Cityjet founder and executive chairman Pat Byrne has predicted a future where airlines increasingly market their brands while not operating their own aircraft.
The veteran aviation boss, speaking at the ITM conference in Dublin, said he could envisage a “progressive separation in legacy carriers, between marketing and production”, with those airlines contracting out operations because otherwise “they can’t survive against the LCCs”.
He added that the legacy carriers could leverage their brands while benefiting from a more flexible workforce offered by outsourced contractors operating the aircraft.
Byrne also told delegates that he does not believe in air miles-type schemes: “They are poor value for the customer and expensive for airline.”
But loyalty schemes are different, he said. These can offer what customers really want: recognition, and access to a personal level of service “with a human being on the phone”, plus some frills and benefits such as fast-track security access.
Also on the panel making predictions for 2020 was Paschal Nee, director of Travelport-owned IT firm MTT.
Nee said at some point all travellers’ individual profiles would be in the cloud, with those travellers choosing who they could share their personal data with – whether car rental provider, airline, hotel or other travel supplier.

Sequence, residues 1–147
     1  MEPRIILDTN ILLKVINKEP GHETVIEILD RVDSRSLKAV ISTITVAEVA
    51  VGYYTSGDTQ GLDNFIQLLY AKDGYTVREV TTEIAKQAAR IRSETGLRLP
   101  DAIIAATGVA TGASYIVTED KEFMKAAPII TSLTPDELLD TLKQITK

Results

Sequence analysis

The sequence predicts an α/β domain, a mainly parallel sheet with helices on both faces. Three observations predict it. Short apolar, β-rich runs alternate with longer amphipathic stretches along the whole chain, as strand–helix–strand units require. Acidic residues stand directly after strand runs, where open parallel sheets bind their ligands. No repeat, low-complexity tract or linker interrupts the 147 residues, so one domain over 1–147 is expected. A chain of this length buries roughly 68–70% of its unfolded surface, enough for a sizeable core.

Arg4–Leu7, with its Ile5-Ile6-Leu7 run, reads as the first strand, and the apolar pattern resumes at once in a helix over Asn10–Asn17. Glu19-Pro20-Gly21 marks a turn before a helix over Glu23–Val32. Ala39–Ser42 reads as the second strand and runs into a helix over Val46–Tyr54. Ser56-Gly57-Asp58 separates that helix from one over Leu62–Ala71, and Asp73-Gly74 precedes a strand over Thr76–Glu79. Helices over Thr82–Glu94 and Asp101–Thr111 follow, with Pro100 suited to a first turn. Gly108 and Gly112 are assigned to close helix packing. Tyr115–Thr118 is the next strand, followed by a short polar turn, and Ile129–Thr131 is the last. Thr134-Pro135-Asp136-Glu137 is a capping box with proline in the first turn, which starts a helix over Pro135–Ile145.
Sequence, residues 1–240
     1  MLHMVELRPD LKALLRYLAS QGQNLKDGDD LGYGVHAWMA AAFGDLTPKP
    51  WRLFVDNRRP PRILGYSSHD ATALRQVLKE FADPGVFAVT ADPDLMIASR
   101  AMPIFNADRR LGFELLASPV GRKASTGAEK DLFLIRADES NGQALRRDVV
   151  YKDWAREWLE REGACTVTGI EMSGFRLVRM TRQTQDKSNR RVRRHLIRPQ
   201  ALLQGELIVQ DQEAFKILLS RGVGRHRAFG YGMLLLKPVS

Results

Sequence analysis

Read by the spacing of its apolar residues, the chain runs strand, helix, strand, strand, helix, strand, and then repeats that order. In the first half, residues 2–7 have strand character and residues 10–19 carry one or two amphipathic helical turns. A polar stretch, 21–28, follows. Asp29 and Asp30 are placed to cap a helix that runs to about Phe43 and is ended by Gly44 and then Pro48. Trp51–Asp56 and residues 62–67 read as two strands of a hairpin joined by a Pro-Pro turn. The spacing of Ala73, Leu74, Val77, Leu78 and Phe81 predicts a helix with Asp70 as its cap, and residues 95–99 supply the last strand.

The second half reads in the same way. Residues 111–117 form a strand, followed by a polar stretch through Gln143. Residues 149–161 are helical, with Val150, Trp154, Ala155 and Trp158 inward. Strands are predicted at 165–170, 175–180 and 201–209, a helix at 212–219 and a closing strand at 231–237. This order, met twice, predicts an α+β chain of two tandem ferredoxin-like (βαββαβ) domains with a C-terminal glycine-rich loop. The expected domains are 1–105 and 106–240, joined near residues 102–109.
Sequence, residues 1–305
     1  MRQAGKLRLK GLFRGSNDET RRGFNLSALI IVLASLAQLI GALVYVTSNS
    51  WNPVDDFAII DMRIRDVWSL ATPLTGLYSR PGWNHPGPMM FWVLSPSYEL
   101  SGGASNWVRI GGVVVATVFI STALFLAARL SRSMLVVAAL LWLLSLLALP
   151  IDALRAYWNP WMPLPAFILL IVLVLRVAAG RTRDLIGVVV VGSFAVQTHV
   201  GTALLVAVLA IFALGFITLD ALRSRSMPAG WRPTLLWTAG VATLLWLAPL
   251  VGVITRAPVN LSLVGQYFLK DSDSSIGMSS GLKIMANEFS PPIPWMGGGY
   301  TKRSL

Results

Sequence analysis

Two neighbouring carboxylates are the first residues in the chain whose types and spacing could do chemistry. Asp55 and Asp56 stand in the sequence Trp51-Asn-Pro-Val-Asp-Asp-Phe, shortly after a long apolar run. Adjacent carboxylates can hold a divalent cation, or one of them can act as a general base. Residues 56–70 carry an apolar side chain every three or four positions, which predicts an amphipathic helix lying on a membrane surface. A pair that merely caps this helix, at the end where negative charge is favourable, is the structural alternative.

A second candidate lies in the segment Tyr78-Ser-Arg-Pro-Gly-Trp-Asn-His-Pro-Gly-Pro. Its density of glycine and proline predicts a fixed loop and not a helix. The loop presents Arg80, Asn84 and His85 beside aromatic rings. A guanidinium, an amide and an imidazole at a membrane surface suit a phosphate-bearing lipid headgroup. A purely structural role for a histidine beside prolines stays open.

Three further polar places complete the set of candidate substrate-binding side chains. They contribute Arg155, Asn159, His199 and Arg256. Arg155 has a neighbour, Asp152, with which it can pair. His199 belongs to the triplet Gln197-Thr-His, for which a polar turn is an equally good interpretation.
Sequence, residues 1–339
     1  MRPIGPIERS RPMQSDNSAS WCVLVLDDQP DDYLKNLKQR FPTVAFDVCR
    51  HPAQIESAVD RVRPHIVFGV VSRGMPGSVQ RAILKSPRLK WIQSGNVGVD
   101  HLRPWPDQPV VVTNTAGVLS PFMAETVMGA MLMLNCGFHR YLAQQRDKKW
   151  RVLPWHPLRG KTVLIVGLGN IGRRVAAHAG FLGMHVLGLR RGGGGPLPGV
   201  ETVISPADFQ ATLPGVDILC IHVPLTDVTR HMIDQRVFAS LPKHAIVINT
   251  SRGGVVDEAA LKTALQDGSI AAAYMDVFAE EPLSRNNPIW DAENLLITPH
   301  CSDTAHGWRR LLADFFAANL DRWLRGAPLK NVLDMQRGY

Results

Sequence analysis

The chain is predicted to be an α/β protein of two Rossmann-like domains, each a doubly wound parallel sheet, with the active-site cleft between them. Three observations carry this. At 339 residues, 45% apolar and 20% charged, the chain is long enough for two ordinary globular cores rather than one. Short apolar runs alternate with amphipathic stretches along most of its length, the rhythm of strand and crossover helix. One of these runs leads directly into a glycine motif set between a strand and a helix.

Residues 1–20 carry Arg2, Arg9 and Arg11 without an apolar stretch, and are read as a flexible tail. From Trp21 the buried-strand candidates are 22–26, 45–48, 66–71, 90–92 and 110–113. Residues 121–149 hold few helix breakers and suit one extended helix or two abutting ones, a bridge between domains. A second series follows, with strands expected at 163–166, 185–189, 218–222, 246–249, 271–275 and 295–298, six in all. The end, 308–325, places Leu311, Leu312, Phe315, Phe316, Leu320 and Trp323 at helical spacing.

This will enable “more contextual” mobile technology, he said, with all suppliers interacting with a traveller’s profile and each other to provide seamless travel.
Google account manager Damian Lynch said the search engine is “literally just scraping the surface of ‘anticipation’ – it’s going to really take off”.
He was referring to ever improving technology that provides the most relevant search and booking content by anticipating the user’s needs, based on individual profile and history. The challenge for travel managers, said Lynch, was to provide tools that can match the user experience of Google and OTAs.
He said a game-changer in travel booking would be the growth of mobile booking, a view echoed by Aer Lingus director Theo Ocks, who said this trend would be enabled by more reliable mobile payment solutions.
Lynch said the UK was behind Japan in this arena, citing the example from leisure booking statistics: conversion rates for a €1,500 holiday search on a mobile device in Japan are 9-16 per cent, while in the UK they are 0.1-1 per cent.